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Cover of Strange Economics collection

CRITICAL DESIGN FICTION

I was invited to write an afterword to this landmark collection of speculative fiction about economics. My afterword, 'Cockayne Blues,' explores science fiction as economics and economics as science fiction.

See also 'Automation' and 'Publications' for some of my critical design fiction.

Speculative fiction has often been treated as a tool to identify risks and opportunities and stimulate innovative design and policy. Proponents of “design fiction” or “deigetic prototyping” seek to extract fresh ideas from speculative fiction and implement them in the real world. Such approaches tend to discard precisely the aesthetic features which distinguish speculative fiction as a cultural mode. Unsurprisingly, their popularity is strongest outside the humanities, in areas such as innovation management and defence policy.

At the same time, the humanities have been overly cautious about the danger of instrumentalising the genre. Speculative fiction frequently invites its readers to think instrumentally about its embedded models and tools, and such invitations do not obscure its status as literature, but are rather precisely part of its operation as literature. When critics do celebrate speculative fiction's agency —  its power to estrange everyday reality — they often fail to address how ‘everyday reality’ is shaped by factors including race, class, gender, and geography.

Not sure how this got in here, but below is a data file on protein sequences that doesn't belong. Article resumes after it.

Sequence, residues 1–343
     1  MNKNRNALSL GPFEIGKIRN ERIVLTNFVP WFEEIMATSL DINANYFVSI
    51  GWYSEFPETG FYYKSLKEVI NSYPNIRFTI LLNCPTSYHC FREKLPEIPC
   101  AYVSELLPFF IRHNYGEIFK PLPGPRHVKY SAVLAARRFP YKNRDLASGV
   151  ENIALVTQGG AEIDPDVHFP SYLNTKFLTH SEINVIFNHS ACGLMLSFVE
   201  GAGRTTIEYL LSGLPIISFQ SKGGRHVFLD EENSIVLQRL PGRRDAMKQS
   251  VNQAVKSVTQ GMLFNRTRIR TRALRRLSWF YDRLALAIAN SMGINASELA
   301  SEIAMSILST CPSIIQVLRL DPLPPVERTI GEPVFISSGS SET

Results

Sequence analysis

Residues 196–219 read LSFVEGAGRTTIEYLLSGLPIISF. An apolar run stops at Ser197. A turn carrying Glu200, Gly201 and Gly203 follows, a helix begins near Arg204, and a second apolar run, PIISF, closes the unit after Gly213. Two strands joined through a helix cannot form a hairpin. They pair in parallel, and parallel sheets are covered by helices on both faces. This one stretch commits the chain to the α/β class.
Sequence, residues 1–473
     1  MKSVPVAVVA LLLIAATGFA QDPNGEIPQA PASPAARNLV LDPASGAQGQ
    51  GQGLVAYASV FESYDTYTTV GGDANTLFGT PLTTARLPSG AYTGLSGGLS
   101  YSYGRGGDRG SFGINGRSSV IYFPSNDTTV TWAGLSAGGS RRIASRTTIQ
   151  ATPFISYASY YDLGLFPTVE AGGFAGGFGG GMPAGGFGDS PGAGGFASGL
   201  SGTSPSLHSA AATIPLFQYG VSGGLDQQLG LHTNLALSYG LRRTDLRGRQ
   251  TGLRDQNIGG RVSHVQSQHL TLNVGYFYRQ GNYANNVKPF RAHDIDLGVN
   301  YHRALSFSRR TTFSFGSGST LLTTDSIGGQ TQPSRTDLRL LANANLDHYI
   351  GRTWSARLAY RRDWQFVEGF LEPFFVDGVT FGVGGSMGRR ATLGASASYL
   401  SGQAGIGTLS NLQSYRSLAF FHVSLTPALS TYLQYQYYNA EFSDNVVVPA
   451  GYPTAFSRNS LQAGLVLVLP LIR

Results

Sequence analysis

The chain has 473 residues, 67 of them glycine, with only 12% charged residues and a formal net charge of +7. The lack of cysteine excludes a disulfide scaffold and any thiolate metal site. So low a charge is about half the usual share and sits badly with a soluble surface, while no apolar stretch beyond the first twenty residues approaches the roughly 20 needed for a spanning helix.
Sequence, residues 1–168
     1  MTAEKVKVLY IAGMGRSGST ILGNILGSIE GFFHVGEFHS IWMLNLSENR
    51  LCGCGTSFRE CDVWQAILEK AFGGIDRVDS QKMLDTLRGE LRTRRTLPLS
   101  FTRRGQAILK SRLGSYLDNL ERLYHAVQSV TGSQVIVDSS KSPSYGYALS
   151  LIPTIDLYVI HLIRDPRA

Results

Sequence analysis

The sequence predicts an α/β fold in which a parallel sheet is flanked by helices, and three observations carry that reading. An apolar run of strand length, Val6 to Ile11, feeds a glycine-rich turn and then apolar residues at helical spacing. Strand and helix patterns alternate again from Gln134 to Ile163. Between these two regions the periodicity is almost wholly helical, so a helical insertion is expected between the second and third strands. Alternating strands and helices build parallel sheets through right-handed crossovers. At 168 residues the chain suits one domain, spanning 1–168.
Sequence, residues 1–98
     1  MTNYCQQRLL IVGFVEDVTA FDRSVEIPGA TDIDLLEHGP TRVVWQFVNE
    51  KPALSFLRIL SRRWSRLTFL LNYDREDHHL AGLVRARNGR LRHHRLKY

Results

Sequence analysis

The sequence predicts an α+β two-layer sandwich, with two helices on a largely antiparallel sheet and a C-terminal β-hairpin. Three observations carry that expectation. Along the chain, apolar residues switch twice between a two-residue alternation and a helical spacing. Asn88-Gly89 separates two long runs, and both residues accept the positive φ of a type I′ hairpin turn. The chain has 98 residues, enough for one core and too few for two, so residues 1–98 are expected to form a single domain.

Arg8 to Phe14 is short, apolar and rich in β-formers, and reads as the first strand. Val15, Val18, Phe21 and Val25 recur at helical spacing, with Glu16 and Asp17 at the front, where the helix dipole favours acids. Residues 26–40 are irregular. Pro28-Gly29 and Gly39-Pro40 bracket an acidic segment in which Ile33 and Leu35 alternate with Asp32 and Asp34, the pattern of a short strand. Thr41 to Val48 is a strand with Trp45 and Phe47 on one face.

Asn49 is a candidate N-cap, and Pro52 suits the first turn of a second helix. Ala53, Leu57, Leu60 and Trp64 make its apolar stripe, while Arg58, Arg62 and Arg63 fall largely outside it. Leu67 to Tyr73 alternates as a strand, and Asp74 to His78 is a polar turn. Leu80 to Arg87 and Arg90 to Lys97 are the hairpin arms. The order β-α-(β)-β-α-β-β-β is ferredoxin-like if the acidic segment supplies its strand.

So maybe it's time traditional scholarship gets joined by new critical practices: practices that are interventionist and generative, that illuminate the agency of speculative fiction by introducing new connections and new actors — commentaries, readers, authors, and texts — into speculative fiction’s established networks of actors ... all the while asking, "Whose everyday reality is being made strange, and who has the power to act on the knowledge this produces?"

By drawing on both design fiction and critical design, speculative fiction’s power to defamiliarise and disrupt can be reconciled with a more intersectional account of its textual reception amongst diverse readerships. This might help us to resist reductive instrumentalisation, while also resisting the separation of speculative fiction from its instrumentalities. And — who knows? — it might even change the world, which is, after all, the point.

Elsewhere:

Interview at The Adjacent Possible on economic science fiction.